Between 1645 and 1647, historians believe the self-styled Witchfinder General’s bloody crusade across East Anglia resulted in the executions of more than 100 women. The diary is written by Puritan Nehemiah Wallington, who tells how a supposed coven of witches was found in the village of Manningtree in the 1640s.
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It tells the story of a girl who had apparently admitted to ‘carnal copulation with the Devil’ after he’d appeared in her bedroom in the shape of a young man. The confession, by a young Essex girl named Rebecca West, implicated her mother, Anne, in witchcraft – saving her own life but condemning her mother to hang.
Matthew Hopkins (c. 1620 – 12 August 1647) was an English witch-hunter whose career flourished during the time of the English Civil War. He claimed to hold the office of Witchfinder General, although that title was never bestowed by Parliament.
The work of Matthew Hopkins resulted in the execution of scores of innocent village women for allegedly consorting with the Devil.
Hopkins’ witch-finding career began in March 1644 and lasted until his retirement in 1647. During that period, he and his associates were responsible for more people being hanged for witchcraft than in the previous 100 years, and were solely responsible for the increase in witch trials during those years.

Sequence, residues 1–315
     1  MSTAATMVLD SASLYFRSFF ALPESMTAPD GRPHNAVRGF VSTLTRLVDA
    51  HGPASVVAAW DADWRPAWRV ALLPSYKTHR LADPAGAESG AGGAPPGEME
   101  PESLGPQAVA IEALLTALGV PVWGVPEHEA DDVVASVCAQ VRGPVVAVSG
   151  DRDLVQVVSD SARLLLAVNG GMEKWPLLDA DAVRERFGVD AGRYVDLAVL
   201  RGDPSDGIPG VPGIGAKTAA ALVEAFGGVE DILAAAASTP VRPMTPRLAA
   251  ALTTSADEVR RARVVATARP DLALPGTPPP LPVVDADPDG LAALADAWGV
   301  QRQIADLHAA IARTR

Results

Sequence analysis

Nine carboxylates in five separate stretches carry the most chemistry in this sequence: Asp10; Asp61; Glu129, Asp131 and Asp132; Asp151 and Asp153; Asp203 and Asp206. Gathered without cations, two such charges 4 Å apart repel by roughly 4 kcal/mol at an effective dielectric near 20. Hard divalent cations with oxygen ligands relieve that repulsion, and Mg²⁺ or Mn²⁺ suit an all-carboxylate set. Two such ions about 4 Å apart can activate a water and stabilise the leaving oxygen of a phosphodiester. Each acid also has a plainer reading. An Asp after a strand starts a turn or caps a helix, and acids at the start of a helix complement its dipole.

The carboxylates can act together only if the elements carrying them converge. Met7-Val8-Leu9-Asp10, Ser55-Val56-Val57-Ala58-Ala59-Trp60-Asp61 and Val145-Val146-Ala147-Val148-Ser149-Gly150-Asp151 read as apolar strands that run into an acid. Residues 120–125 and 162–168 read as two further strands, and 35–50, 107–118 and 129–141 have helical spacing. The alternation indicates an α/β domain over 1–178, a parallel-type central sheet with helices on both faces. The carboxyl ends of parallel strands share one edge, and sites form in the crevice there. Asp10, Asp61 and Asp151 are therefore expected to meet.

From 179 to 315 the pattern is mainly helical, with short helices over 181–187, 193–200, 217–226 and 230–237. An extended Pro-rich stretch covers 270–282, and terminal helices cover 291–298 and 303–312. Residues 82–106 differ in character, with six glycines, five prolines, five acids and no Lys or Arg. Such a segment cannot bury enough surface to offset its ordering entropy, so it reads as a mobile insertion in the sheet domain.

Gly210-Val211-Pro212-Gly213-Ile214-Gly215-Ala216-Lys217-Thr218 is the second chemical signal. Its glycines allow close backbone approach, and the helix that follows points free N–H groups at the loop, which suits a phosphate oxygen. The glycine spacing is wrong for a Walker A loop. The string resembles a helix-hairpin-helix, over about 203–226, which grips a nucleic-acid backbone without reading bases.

He is believed to have been responsible for the deaths of 300 women between the years 1644 and 1646. The trials in Manningtree – Hopkins’ home village are among the most notorious of his brutal campaign.
Suspicion had fallen on villager Elizabeth Clarke and Hopkins was appointed to question her in March 1645. She was also examined for ‘devil’s marks’ like warts or moles.
Tortured at Colchester Castle, Rebecca broke down and named several other women, including Anne West and her daughter Rebecca. They were already being blamed for deaths of two children.
Rebecca’s dramatic account was given at their trial in Chelmsford in July 1645. Wallington writes: ‘When she [Rebecca] looked upon the ground she saw herself encompassed in flames of fire and as soon as she was separated from her mother the tortures and the flames began to cease.
‘As soon as her confession was fully ended she found her contience [sic] so satisfied and disburdened of all tortures she thought herself the happiest creature in the world.’
With no legal representation, all but Rebecca were found guilty, and a total of 19 women – including Clarke – went to the gallows.
Wallington is thought to have based his account on contemporary pamphlets. He died in 1658. Now, the old diary is kept at Tatton Hall, Cheshire and it is being made public by a team from Manchester University’s John Rylands Library who are ‘digitising’ the diary.
While Hopkins’ demise is still a mystery, although much of his life is a well-recorded, open book. One account, by William Andrews a 19th Century writer on Essex folklore, asserts that Hopkins was charged with stealing a book containing a list of all the witches in England, which he purportedly obtained by means of sorcery.
Hopkins declared his innocence, but an angry crowd forced him to undergo his own “swimming” trial. Some accounts say he drowned, while others say he floated and was condemned and hanged. However, no records of his trial exist.
According to local legend, Hopkins’ ghost is said to haunt Mistley Pond. An apparition wearing 17th Century garments is apparently seen roving the locality, particularly on Friday nights near to the Witches Sabbats.
Source: Paranormal Magazine January 2011: “Civil War witch hunt detailed in old diary”